Tuesday, May 09, 2006

Anxiety and Youth Ministry

I taught a one-day course at Presbyterian College in Montreal on Saturday. I’m not entirely pleased with how it went. I was feeling ill for one. I think that the promotional material for the day promised too much and so it was inevitable that I was going to disappoint everyone at least a little. I got sidetracked into a discussion concerning the relationship between youth ministry and ecclesiology that became way too big. I got hijacked by a “Well in my church . . .” story, something that rarely happens to me. All of these make me feel that the day wasn’t all that it could have been.

At a deeper level, however, I’ve been doing some serious thinking about these sort of one day deals. I’ve done a bunch of them in the past, mostly for my denomination but sometimes for others. In general, I come in, talk as much and as fast as I can, and leave feeling empty. What did I really accomplish in the lives of these people? Very little in my opinion.

In reading Mark Yaconelli’s new book Contemplative Youth Ministry, he’s reminded me why. These events are almost always motivated by anxiety. Parents and churches feel anxious and so they ask the wrong questions and have the wrong expectations. On page 79 Mark starts a list:

Anxiety seeks control. (How do I make kids into Christians?)
Anxiety seeks professionals. (Who is the expert that can solve the youth problem?)
Anxiety wants products. (What book, video, or curriculum will teach kids about faith?)
Anxiety lifts up gurus. (Who has the charisma to draw kids?)
Anxiety rests in results. (How many kids have committed to the faith?)
Anxiety seeks conformity. (Are the youth meeting our expectations?)
Anxiety wants activity. (What will keep kids busy?)
Anxiety wants answers. (Here’s what we think. Here’s who God is.)

I’m the guru (or rockstar in some folks words). I’m the one with the degree, the one who has worked for Kenda Dean (she is such a big dog guru/rockstar that YS uses her endorsement for Mark’s book), the one with the experience who is supposed to have the answer. “How can we get kids to come?” “How can we keep kids in the church when they graduate from high school?” “What is the best confirmation curriculum?” Anxious, anxious, anxious.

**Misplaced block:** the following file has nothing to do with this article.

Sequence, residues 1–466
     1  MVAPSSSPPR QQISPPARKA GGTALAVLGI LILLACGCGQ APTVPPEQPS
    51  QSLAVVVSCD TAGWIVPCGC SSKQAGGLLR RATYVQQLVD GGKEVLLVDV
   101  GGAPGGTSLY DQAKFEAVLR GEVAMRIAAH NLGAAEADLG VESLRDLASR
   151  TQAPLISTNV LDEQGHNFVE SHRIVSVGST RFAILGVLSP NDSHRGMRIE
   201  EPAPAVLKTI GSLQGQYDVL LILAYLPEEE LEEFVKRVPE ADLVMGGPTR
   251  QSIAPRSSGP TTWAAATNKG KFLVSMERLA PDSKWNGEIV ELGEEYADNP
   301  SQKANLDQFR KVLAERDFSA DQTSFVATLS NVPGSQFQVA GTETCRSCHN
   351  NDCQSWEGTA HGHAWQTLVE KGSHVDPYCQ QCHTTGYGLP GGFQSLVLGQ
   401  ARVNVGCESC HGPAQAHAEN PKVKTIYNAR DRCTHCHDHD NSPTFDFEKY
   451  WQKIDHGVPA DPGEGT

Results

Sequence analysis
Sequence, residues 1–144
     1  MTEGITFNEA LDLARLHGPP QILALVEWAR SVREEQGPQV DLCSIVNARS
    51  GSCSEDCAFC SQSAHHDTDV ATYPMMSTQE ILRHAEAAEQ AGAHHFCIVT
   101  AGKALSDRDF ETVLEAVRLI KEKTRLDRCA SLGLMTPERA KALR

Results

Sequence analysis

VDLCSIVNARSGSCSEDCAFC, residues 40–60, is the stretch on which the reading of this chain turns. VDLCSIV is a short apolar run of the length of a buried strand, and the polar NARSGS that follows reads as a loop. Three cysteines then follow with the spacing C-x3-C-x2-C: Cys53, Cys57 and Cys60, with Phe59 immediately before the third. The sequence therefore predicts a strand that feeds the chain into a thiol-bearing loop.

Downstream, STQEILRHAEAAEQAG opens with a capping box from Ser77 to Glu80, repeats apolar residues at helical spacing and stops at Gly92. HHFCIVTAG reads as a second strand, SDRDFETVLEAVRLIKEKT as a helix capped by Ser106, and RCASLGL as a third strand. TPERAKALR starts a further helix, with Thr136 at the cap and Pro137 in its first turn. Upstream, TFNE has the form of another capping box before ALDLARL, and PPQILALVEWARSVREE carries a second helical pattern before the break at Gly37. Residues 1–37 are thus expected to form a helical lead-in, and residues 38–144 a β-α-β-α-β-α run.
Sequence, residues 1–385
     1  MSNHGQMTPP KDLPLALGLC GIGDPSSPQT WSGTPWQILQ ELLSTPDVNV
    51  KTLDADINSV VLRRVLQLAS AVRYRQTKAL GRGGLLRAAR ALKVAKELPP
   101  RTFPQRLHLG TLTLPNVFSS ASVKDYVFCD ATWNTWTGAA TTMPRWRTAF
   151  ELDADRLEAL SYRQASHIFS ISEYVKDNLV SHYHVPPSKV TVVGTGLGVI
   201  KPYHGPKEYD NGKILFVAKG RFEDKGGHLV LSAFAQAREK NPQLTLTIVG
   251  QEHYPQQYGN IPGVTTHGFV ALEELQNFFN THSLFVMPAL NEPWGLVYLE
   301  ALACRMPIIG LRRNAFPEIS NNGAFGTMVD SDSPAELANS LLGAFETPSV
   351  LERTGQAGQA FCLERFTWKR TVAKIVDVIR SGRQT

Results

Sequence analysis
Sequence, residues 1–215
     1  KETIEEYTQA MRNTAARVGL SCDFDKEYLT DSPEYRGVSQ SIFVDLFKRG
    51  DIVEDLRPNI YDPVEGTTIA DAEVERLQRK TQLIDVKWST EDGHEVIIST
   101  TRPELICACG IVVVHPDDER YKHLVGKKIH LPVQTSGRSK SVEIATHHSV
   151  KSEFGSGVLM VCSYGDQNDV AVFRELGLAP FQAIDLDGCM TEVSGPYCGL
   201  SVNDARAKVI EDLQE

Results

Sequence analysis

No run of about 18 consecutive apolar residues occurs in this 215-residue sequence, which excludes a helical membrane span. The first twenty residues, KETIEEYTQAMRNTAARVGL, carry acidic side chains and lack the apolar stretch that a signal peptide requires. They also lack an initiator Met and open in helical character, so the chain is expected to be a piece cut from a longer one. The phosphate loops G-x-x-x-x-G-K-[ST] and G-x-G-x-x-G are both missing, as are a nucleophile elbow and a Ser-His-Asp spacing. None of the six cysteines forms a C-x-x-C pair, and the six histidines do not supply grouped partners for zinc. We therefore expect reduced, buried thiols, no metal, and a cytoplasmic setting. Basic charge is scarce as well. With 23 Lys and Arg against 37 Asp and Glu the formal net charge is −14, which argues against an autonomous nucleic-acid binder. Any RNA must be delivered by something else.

Don’t get me wrong. All the folks at the deal on Saturday don’t want to be anxious (this is ultimately Mark’s point but you’ll have to buy the book and read my review when I’m done to get the full argument). They want to be faithful but somehow, unlike Mark, when presented with anxiety, I answer back in that language. Mark answers with wisdom and no small part of wit. For me, when they say, “How can we get more youth?” I answer back seriously but naively, that is, I answer the surface question when I should be wise enough to pose a question in return which would expose the root of their question – anxiety. What I should have said on Saturday is the second part of Mark’s list:

Love seeks contemplation. (How can I be present to kids and to God?)
Love seeks processes. (What can we do together to uncover Jesus’ way of life?)
Love desires presence. (Who will bear the life of God among teenagers?)
Love relies on guides. (Who has the gifts for living alongside kids?)
Love rests in relationships. (Who are the kids we’ve befriended?)
Love brings out creativity. (In what fresh way is God challenging us through our kids?)
Love brings awareness. (What are the real needs of the youth?)
Love seeks questions. (What do you think? Or as Jesus said, “Who do you say that I am?)

I have some issues with Mark’s understanding of contemplation and this focus on love is not entirely adequate from my perspective, but it is so much better than the anxious perspective that my soul cries out in relief. It is so much better in fact that I’m not doing any more one-day deals besides the ones I’ve committed to already. I'm boycotting them from now on. I can’t let other people’s anxiety determine my ministry and it seems, at least at the moment, that it does even though I know better.


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